Hate is such a horrid word. It's the sort of word that I do not like to have in my life on a daily basis
In fact, when my 4-year-old decided to use the word a lot - from â€œI hate brushing my teethâ€? to â€œI hate bad peopleâ€? - I had to tell him that it's not a good idea to use the word 'hate' all the time.
And of course, in true pre-schooler fashion, he had to ask: â€œWhy?â€?
I said something about the word hate not doing a good thing in our hearts: â€œIt's like having black spots in our heart every time we hate something,â€? I said.
Well, that picture must've worked wonders, as he barely uses the word 'hate' nowadays. And, when he hears it being uttered by anyone, he says, â€œNo! Don't use hate or you'll have a black spot in your heart.â€? (Yes, it has been used against me a few times already.)
One of these days, though, I will have to let him know that while hate is not a good word to use all the time, sometimes, there's no other word to describe how you REALLY feel. And that's okay.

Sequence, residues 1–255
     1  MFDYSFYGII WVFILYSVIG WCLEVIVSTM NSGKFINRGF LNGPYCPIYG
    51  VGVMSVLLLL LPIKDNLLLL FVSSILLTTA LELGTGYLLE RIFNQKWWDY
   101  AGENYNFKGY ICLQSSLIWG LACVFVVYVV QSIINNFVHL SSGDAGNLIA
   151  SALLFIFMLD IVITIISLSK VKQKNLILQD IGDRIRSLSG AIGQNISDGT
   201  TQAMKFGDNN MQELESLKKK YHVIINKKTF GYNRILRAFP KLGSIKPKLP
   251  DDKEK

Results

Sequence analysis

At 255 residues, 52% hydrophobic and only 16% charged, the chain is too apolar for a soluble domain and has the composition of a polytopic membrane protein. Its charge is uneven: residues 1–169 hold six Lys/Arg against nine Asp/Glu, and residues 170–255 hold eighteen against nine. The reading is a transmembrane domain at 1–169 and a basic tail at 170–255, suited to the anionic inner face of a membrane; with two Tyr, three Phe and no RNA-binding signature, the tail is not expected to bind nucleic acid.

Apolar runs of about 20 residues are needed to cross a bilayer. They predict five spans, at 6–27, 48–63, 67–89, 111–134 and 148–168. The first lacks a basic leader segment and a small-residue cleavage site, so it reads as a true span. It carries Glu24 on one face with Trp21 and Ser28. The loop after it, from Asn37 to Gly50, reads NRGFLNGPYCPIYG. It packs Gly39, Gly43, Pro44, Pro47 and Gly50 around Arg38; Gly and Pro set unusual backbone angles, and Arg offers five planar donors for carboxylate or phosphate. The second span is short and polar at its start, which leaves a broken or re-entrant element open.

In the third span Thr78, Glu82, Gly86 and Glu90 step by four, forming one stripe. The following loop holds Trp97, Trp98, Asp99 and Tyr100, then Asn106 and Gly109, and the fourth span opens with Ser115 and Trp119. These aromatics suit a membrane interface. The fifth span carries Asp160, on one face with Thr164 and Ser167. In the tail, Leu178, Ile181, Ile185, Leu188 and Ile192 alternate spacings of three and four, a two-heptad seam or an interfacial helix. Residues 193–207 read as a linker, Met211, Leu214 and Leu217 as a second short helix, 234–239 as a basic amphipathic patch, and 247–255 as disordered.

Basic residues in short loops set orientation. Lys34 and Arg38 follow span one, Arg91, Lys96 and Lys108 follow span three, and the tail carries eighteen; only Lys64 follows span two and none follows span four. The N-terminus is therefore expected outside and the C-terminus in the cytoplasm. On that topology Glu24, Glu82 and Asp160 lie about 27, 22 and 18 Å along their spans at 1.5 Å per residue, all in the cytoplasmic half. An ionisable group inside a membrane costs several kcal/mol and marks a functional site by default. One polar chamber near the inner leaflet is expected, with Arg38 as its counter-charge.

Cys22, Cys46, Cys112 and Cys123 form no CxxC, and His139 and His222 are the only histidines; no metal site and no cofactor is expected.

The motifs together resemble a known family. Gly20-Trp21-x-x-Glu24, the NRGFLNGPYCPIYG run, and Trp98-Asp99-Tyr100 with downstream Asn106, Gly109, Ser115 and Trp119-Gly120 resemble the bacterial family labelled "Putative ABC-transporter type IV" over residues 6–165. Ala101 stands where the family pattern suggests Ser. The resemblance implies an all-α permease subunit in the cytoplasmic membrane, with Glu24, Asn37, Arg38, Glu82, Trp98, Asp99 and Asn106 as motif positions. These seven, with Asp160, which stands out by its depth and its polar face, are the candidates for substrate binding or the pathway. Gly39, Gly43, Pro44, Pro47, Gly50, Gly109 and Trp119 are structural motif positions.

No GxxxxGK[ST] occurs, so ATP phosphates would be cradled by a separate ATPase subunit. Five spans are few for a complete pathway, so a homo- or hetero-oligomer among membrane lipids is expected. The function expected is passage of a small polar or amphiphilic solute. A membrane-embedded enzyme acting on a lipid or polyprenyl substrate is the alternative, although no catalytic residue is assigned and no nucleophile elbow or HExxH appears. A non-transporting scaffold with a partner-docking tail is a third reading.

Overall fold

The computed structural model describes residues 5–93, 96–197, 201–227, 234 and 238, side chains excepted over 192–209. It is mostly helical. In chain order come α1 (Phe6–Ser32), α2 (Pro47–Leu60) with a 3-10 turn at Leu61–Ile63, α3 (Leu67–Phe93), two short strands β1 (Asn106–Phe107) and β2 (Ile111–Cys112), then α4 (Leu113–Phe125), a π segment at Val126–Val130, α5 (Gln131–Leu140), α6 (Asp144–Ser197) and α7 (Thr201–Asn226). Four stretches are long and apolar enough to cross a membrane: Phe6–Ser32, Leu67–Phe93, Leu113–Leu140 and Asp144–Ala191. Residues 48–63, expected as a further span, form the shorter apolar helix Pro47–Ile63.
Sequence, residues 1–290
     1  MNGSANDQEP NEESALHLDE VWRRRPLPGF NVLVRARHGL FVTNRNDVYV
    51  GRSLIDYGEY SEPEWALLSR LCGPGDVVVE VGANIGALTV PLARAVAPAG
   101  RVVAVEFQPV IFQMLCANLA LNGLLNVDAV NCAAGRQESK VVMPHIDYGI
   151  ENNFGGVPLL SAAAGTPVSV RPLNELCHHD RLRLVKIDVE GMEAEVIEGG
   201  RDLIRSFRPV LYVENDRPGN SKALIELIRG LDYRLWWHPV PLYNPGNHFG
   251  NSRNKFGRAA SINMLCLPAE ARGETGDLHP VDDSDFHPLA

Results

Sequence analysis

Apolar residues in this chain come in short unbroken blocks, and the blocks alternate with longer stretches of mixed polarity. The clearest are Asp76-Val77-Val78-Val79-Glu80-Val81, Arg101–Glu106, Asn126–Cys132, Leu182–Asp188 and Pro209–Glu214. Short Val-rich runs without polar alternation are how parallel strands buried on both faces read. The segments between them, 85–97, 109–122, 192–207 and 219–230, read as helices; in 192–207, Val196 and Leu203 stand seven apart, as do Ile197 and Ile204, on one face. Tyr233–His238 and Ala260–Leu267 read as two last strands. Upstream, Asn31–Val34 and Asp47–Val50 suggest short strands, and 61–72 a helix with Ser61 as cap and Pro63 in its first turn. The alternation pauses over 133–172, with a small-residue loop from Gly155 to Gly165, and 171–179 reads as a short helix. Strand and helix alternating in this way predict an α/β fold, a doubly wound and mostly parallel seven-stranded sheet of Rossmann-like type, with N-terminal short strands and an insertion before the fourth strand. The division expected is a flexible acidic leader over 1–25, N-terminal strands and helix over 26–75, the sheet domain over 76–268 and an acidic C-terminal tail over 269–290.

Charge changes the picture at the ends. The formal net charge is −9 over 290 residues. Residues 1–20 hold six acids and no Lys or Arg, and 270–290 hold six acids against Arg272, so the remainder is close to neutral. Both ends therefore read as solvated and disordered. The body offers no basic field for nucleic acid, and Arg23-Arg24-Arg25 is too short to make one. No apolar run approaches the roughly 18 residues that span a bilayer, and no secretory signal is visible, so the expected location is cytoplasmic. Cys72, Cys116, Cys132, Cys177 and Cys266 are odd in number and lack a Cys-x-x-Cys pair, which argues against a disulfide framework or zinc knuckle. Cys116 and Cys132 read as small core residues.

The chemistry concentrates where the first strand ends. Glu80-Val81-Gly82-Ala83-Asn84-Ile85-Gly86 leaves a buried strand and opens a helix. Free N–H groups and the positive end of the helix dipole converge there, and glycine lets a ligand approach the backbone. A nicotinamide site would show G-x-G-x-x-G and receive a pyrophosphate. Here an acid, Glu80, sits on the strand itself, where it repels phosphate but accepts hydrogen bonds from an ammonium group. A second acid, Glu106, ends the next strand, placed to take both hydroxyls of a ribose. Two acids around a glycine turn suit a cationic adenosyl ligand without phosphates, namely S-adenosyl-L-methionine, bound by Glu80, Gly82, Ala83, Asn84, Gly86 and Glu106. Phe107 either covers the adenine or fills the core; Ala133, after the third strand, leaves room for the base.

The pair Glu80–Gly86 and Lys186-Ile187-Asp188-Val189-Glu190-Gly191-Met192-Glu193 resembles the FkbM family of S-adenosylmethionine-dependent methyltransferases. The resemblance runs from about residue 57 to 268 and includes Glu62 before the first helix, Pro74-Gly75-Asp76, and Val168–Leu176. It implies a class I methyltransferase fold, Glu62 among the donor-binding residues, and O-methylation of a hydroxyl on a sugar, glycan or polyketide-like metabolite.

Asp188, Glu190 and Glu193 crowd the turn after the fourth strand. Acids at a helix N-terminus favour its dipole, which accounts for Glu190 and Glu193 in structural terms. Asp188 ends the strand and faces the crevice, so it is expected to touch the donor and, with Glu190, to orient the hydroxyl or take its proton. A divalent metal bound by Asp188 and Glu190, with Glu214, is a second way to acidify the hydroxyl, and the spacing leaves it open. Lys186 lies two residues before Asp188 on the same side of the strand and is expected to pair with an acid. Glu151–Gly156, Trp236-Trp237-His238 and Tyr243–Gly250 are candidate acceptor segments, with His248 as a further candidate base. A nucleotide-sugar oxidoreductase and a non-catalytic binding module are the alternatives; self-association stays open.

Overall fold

It's okay to know that you hate something, as long as you know exactly where that hate is directed. And, how to deal with it.
It's okay to feel hate, as long as you're not hateful.
There's a difference, you see...
And, like any negative emotion, if you get a handle on it (and not the other way around) --- it can always be used and recycled in to something positive.
After all, hate can guide you to make the right decisions about whether or not something's good for you. Hate can help you stay away from certain things (or certain people!). Hate can keep you from doing the very things that your heart tells you not to do.
Like hypocrisy. Or being evil. Or doing a bad job. Or being a terrible friend. Or being untrustworthy. Or selfish. Or greedy.
These are things that seem hate-worthy, don't you think?
Well, now, let me go hate a few things without worrying about having a spotted, hole-y heart.